"Annalisa" as written by Keith Levene, John Wardle, John Lydon and James Walker....
Think I'm proud to be your enemy
Take your hands off of me
You're worse than the thing that possessed me
They way they were
The way they should have been
Annalisa

Annalisa was 15 years
Stole her soul
But I hear no tears
Ever been alone
And heard the voice
Not your own
I've seen those fears
Annalisa

Somehow you used ignorance for sense
Melodrama in your eyes
All concern rests with the dead
Annalisa

Annalisa had no escape
Starved to death in a waiting room
Cheap concern and rosary beads
Did not solve screaming needs
Annalisa

Annalisa
Annalisa was 15 years
Stole her soul
But I hear no tears
Ever been alone
And heard the voice
Not your own
I've seen those fears
Annalisa
Annalisa

Think I'm proud to be your enemy
Take your hands off of me
You're worse than the thing that possessed me
They way they were
The way they should have been
Annalisa

Somehow you used ignorance for sense
Melodrama in your eyes
All concern rests with the dead

Annalisa
Annalisa
Annalisa

Crawl like rabid dog
Annalisa (repeat)



Lyrics submitted by Tristax!

"Annalisa" as written by John Lydon Keith Levene

Lyrics © Sony/ATV Music Publishing LLC, Warner/Chappell Music, Inc., BMG RIGHTS MANAGEMENT US, LLC

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Annalisa song meanings
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4 Comments

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  • 0
    Song MeaningThis is a song based on a true story of a young Bavarian woman named Anneliese Michel who was medically diagnosed with epilepsy but spiritually diagnosed as being possessed. Multiple exorcisms did not help her improve and instead of getting better, she died of malnutrition and dehydration. More information at en.wikipedia.org/wiki/….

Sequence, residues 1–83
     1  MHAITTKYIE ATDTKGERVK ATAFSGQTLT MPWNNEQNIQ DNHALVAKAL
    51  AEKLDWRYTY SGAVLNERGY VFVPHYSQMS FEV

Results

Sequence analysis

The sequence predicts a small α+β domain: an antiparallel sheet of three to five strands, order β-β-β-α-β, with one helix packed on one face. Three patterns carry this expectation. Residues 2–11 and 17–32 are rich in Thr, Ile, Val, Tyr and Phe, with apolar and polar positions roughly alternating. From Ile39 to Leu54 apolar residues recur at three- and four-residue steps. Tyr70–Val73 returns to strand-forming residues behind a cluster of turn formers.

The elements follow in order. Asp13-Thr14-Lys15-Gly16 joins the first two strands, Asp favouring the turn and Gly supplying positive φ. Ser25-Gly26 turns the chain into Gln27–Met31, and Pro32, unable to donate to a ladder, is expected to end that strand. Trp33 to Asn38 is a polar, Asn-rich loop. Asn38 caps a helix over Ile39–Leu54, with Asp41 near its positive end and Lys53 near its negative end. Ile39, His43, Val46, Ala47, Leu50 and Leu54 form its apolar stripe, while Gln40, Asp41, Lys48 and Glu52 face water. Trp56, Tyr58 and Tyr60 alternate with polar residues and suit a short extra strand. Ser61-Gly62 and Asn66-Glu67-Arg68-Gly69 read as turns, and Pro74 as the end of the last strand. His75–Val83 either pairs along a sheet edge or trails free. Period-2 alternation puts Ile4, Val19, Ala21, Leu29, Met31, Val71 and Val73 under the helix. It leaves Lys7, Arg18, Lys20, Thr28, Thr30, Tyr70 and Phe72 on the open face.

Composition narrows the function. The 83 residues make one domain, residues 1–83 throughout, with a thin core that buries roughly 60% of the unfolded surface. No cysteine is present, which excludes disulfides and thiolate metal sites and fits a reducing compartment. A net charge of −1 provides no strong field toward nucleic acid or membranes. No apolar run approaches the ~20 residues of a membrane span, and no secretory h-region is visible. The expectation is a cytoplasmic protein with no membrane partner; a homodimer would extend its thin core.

It was one of John Lydon's explosive rants against Catholicism.
    gregorybrianon June 07, 2010   Link
  • 0
    My InterpretationI love this song, but John Lydon skewed some details about Anneliese's background. She wasn't fifteen years old when she died -- she was twenty-three. Her first epileptic seizure happened when she was sixteen, and the "demonic possession" allegations didn't happen until years later. There's also speculation that she was schizophrenic (she hallucinated often). Given the neurological link between schizophrenia and epilepsy, this isn't too surprising. This woman was mentally ill, and suffered at the hands of religious propaganda because of it, which unfortunately is commonplace throughout history.

    My favorite line was: "Think I'm proud to be your enemy / Take your hands off of me / You're worse than the thing that possessed me."

    That was Lydon's jab against the exorcists, who basically killed her with negligence. He was pointing out the irony of the people supposedly "helping" her being ultimately responsible for her death. They were oppressing her, treating her like a spiritual criminal, instead of giving her the medical help she needed. Furthermore, they were more delusional than Anneliese. Because of them, this woman died. "Think I'm proud to be your enemy" reveals that -- how can you align yourself with an organization capable of such cruelty? There's no benevolence in this level of malevolence.

    "Somehow you used ignorance for sense / Melodrama in your eyes / All concern rests with the dead."

    This was another shot against the people complicit in her death. Instead of considering a rational explanation behind Anneliese's behavior, they used the spiritual. Then of course, when she dies after suffering, they can proclaim, "Oh, isn't this a tragedy!" Apparently they didn't realize their ethical obligation until the woman died. I remember an interview with Lydon where he explained the absolute tragedy behind this story.
    omnislashedon April 15, 2011   Link
  • 0
    Song MeaningThis song is about Anne Frank (Annelies "Anne" Marie Frank).
    It is written in part as a first-person narrative ("think I'm proud to be your enemy").
    Anne died in Bergen-Belsen at age 15 from exhaustion and starvation ("starved to death in a waiting room").
    The line "Take your hands off of me,
    you’'re worse than the thing that possessed me" refers to her nazi tormenters, which she associates with scabies, a skin disease that Anne contracted in the camp.
    "Somehow you used ignorance for sense" speaks about Anne's ability to transform ugliness and absurdity into the most beautiful thoughts : "Inspite of everything, I still believe that people are truly good at heart!”.
    dkopytkoon December 26, 2013   Link
  • -1
    General CommentNirvana's "Radio Friendly Unit Shifter" (unintentionally?) borrows a lot from this song.
    Tristax!on June 14, 2007   Link

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